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Children, Animals, and Gut Microbes

The evidence is growing. Another recent study found that exposure to dirt and animals in the first year of life is beneficial for development of a a rich and diverse gut microbiome - that is, for greater species "richness" as well as more beneficial microbes. This is linked to lower levels of allergies and asthma in children.

So don't worry about children being exposed to animal "germs" and getting dirty! Instead, consider the microbes as having health benefits, such as developing a "robust immune system". In summary, it now appears that in the first year of life the immune system needs lots of exposure to all sorts of microbes (e.g. from pets, animals, dirt)  to "train it" to develop normally.

The Ohio State University researchers compared 5 healthy rural Amish infants to 5 healthy non-Amish urban infants in Ohio, also found that all of the rural (Amish) children were breastfed, while 2 of the urban (non-Amish) children were only formula fed (some microbial differences there). The Amish households had farm animals (cattle, sheep, and/or horses) and pets (dogs and/or cats), while the non-Amish households had no contact with livestock, but did have a pet dog or cat. Just like in other studies, one pet doesn't seem to be enough - even more animal exposure in early childhood is best for the gut microbiome. [One study found a dose-dependent effect with exposure to 5 furry pets in early childhood was needed to prevent all allergies.]

Studies find that rural (Amish) children have a low incidence of allergies and asthma, while urban children have a high incidence of allergies and asthma. In this study, an example of microbial differences in the 2 groups of children was that Bifidobacterium bacteria were "enriched" in non-Amish (urban) infants, while Roseburia species were "enriched" in Amish (rural, farm-raised) infants. Similar gut microbe differences have been observed in other studies comparing rural and urban children, and both dietary differences (e.g. farm raised children eat lots of homegrown produce) and environmental differences (animal exposure) are thought to be responsible for the differences.

From Science Daily: Keeping livestock in the yard just might help your baby's immune system 

Getting up close -- and a little dirty -- with farm animals just might help us fend off illness, say researchers who've further demonstrated the benefits of early exposure to a wide variety of environmental bacteria. Scientists from The Ohio State University found that bacteria and other microbes from rural Amish babies was far more diverse -- in a beneficial way -- than what was found in urban babies' intestines. And, in a first-of-its-kind experiment, they found evidence of how a healthier gut microbiome might lead to more robust development of the respiratory immune system.

"Good hygiene is important, but from the perspective of our immune systems, a sanitized environment robs our immune systems of the opportunity to be educated by microbes. Too clean is not necessarily a good thing," said the study's co-lead author Zhongtang Yu, a professor of microbiology in Ohio State's Department of Animal Sciences and a member of the university's Food Innovation Center.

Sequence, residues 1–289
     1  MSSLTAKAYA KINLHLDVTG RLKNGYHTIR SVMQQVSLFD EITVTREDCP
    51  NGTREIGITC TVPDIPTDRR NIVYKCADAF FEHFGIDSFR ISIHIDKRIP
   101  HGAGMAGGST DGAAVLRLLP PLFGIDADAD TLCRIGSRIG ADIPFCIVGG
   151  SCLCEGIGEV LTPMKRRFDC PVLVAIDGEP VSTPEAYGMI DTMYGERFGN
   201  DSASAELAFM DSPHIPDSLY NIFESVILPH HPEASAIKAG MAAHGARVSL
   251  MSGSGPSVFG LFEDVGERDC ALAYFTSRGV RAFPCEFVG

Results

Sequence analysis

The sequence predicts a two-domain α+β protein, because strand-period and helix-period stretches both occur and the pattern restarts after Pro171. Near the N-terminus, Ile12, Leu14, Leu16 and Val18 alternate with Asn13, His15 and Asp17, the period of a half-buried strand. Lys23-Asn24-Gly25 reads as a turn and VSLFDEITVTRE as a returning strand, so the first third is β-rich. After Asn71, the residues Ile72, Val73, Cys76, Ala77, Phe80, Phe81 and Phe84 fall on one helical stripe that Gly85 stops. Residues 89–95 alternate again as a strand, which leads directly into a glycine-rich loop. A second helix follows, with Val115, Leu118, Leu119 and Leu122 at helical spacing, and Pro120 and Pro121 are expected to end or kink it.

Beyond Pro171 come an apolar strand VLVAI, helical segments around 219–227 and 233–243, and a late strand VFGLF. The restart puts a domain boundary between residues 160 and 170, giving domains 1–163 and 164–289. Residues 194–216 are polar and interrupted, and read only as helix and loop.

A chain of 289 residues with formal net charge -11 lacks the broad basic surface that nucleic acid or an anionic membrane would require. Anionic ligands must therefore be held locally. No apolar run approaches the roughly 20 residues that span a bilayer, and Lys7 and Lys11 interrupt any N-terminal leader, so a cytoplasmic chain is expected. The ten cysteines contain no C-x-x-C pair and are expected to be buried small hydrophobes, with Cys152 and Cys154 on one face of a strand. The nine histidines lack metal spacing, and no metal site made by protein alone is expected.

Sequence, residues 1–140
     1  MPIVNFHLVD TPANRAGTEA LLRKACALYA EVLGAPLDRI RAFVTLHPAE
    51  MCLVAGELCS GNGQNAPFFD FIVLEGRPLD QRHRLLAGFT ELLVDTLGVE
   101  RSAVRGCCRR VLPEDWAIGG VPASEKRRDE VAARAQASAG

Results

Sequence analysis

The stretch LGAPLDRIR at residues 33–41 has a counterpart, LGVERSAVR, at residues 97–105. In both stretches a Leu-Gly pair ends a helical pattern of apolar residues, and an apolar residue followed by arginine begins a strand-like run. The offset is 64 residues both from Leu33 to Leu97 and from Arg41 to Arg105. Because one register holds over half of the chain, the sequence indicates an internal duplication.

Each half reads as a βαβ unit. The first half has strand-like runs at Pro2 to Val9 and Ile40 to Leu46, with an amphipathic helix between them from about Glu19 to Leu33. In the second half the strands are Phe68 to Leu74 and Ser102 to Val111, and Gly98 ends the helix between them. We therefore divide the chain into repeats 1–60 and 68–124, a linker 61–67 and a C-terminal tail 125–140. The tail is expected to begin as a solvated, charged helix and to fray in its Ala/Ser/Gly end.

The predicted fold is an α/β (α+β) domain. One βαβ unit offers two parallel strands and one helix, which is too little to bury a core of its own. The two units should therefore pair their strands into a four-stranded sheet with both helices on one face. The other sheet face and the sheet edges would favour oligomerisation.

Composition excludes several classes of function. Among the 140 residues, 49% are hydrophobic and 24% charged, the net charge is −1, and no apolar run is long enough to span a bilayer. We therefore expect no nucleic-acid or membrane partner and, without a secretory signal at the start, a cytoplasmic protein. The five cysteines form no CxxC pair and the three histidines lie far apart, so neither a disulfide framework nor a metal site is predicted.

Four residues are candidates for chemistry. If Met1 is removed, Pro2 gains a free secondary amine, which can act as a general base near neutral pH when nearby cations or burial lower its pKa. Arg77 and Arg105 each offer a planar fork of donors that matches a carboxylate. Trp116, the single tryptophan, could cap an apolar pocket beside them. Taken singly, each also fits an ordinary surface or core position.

The research team collected fecal samples from 10 Ohio babies who were around 6 months to a year old. The five Amish babies all lived in rural homes with farm animals. The other five babies lived in or near Wooster, a midsize Ohio city, and had no known contact with livestock.

The samples revealed important differences -- particularly a wide variation in microbes and an abundance of beneficial bacteria in the Amish babies' guts that wasn't found in their city-dwelling counterparts. The researchers expected this, based on the infants' exposure to the livestock and the fact that the Amish tend to live a relatively less-sanitized lifestyle than most other Americans.

What they really wanted to know was how these differences might affect development of the immune system, setting the groundwork for a body's ability to identify and attack diseases and its resistance to allergies and other immune-system problems. Previous studies in the U.S. Amish population and to comparable populations throughout the world have drawn a clear connection between rural life and a decrease in allergies and asthma, Gourapura said.

This connection has led to a theory called the "hygiene hypothesis," which is built on the idea that hyper-clean modern life -- think antibacterial soap, ubiquitous hand sanitizer and scrubbed-clean homes and workplaces -- has led to an increase in autoimmune and allergic diseases.

Given that the trillions of microbes in the human gut are known to play an important role in health and disease progression, the Ohio State researchers wanted to explore how different gut microbiomes might contribute to immune system development. To do this, they used fecal transplants from the babies in the study to colonize the guts of newborn pigs.

"We wanted to see what happens in early immune system development when newborn pigs with 'germ-free' guts are given the gut microbes from human babies raised in different environments," Gourapura said. "From the day of their birth, these Amish babies were exposed to various microbial species inside and outside of their homes." The researchers saw a connection between the diverse Amish gut microbes and a more-robust development of immune cells, particularly lymphoid and myeloid cells in the intestines.

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